Two companies dominate the chip industry: Intel Corporation (NASDAQ:INTC) and Qualcomm (NASDAQ:QCOM). Both companies operate in the same industry, their stocks trade for similar valuations, and they both pay dividends to shareholders. But underneath the surface, their businesses are going in different directions. The big drag on Intel is the stagnation of the personal computer; while this is certainly nothing new, what is new is that Intel's high-growth segments, namely data centers and the Internet of Things, are slowing down.
This could have significant implications, because Intel is counting on these segments to grow at high rates. Qualcomm stock has performed significantly better than Intel this year, which I expect to continue, as the market realizes that Intel is not likely to generate enough growth in data centers, the Internet of Things, and the cloud, to offset the deterioration in its PC business.
Intel: Between a Rock and a Hard Place
The Intel story has been a challenging one. First, the decline in the PC industry has weighed on the company. Its Client Computing group, which includes the major PC business, saw revenue decline 0.5% over the first six months of 2016, after an 8% decline last year. On the surface, Intel's results look promising, as the revenue decline is moderating. This is presumably why the stock has bounced so strongly off its low this year. But underneath the surface, things aren't going as well as it seems.
The reason is because Intel's two biggest growth segments are slowing. Last quarter, revenue in data centers and the Internet of Things increased just 4.5% and 2.3%, respectively. Consider that in 2015, Intel grew data center revenue by 11% and IoT revenue by 7%. This matters because Intel badly needs these businesses to continue growing at high rates, as the Client Computing segment still represents more than half the company's total revenue. And, due to higher levels of spending in these areas, operating profit in both the data center and IoT segments is down over the first half of the year.
This puts Intel in a difficult position. On the one hand, it is abundantly clear the PC industry is not growing. On the other hand, its investments to carve out market share in tablets, drones, and mobile devices simply isn't working. Intel made a huge push into tablets two years ago, and while it successfully shipped more than 40 million tablets that year, its mobile business lost a whopping $4.2 billion in 2014. More recently, Intel had to issue a recall for all of its Basis Peak smartwatches due to the risk of users being burned.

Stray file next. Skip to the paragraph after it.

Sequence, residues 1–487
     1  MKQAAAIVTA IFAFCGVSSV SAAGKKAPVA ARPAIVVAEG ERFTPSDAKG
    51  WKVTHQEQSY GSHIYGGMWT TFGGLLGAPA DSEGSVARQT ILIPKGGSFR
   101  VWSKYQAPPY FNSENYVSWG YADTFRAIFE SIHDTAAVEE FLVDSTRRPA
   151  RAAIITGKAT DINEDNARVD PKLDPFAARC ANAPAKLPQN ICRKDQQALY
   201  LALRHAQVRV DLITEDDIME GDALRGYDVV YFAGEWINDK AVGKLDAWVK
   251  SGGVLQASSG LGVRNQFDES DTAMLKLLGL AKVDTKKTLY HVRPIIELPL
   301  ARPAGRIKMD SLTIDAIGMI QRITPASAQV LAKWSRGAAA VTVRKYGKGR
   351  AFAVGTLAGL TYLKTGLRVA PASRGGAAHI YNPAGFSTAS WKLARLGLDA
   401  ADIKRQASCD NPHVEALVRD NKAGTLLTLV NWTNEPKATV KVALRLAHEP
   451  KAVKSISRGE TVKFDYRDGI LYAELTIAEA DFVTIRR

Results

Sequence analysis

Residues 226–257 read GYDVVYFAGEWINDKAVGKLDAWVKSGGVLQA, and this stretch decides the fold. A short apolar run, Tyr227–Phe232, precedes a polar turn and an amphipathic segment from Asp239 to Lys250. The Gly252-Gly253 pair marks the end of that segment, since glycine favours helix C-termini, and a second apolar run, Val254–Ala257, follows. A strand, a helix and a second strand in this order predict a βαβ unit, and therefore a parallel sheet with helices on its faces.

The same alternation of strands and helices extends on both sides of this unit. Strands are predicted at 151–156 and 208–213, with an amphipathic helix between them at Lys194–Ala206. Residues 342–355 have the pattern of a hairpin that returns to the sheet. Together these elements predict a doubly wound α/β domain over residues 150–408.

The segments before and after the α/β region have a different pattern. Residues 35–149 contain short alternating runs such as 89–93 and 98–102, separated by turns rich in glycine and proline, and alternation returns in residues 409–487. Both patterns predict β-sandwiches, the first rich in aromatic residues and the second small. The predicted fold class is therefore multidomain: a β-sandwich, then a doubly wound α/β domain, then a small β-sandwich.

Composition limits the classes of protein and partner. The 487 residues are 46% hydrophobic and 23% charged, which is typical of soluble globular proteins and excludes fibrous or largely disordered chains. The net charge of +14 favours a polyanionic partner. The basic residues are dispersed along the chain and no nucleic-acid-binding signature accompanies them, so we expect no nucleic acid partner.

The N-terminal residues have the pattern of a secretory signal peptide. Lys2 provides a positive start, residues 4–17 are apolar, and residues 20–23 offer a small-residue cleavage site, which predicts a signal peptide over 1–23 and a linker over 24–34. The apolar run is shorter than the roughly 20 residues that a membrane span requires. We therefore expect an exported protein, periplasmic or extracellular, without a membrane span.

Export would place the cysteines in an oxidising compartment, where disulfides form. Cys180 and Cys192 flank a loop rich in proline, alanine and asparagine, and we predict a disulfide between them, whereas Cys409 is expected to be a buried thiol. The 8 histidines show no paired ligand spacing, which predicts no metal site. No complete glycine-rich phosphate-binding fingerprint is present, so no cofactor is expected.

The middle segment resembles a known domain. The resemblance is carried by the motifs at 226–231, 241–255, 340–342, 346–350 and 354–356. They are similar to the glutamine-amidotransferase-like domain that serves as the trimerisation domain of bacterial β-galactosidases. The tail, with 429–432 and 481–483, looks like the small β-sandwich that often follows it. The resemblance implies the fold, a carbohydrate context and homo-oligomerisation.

Meanwhile, Qualcomm has made significant progress in its own turnaround, and its future looks much better. Qualcomm's revenue rose 4% last quarter, year over year, but revenue increased 9% from the previous quarter. The important thing to look at is the trend -- Qualcomm's growth is accelerating, while Intel's is decelerating.
Qualcomm is more effectively positioning itself to capitalize on the growth areas of this business, specifically in 5G and connectivity. In mobile, the Snapdragon now has more than 150 premium smartphone and tablet designs, and is also poised to make inroads into virtual reality, another promising future growth catalyst.
Broadly speaking, there are simply a lot more opportunities for Qualcomm, not just in mobile, but in a wide array of new device applications, such as automotive, networking, and IOT as well. This is an exciting opportunity for Qualcomm. CEO Steve Mollenkopf stated on last quarter's conference call:
Collectively, the addressable opportunity for these adjacent areas is expected to grow at a CAGR of 18% over the next five years from $12 billion to $29 billion according to a combination of third-party and internal estimates.
Qualcomm has more financial flexibility than Intel to continue investing aggressively in future growth. It has $17 billion in cash and equivalents on its balance sheet. By comparison, Intel has spent a huge amount of money on these initiatives, which may work, but is a concern if the growth slowdown continues, because the company has less money in the bank to go after future opportunities. For example, Intel ended last quarter with $8.2 billion in cash and short-term investments on its balance sheet, down from $18 billion at the end of 2015.
I believe Qualcomm sets up as a much better risk/reward situation than Intel. In my view, Qualcomm is likely to produce stronger growth due to its position in mobile. Intel is just too chained to the PC. Plus, Qualcomm offers a 3.5% dividend yield, while Intel's yield is 3%. And, Qualcomm is likely to grow its dividend at much higher rates than Intel. This is already bearing out; Qualcomm has increased its dividend by 20% per year over the past five years, while Intel's dividend has grown just 4% per year in that time.
Ultimately, Qualcomm is a much better growth play. Intel has invested huge amounts of resources to grow beyond the PC. While it has admittedly seen good growth from data centers and the Internet of Things, investors should be concerned that the growth rates in these two segments has slowed considerably over the past year. And Intel's efforts in tablets and smartwatches have come up empty.
The future is clearly not in PCs, but that is still where Intel reigns. It is likely to remain a highly profitable company, with a nice 3% dividend, but investors looking for growth should look elsewhere. That's why Qualcomm is the better buy of the two chip giants.
Disclaimer: This article represents the opinion of the author, who is not a licensed financial advisor. This article is intended for informational and educational purposes only, and should not be construed as investment advice to any particular individual. Readers should perform their own due diligence before making any investment decisions.
Disclosure: I am/we are long QCOM.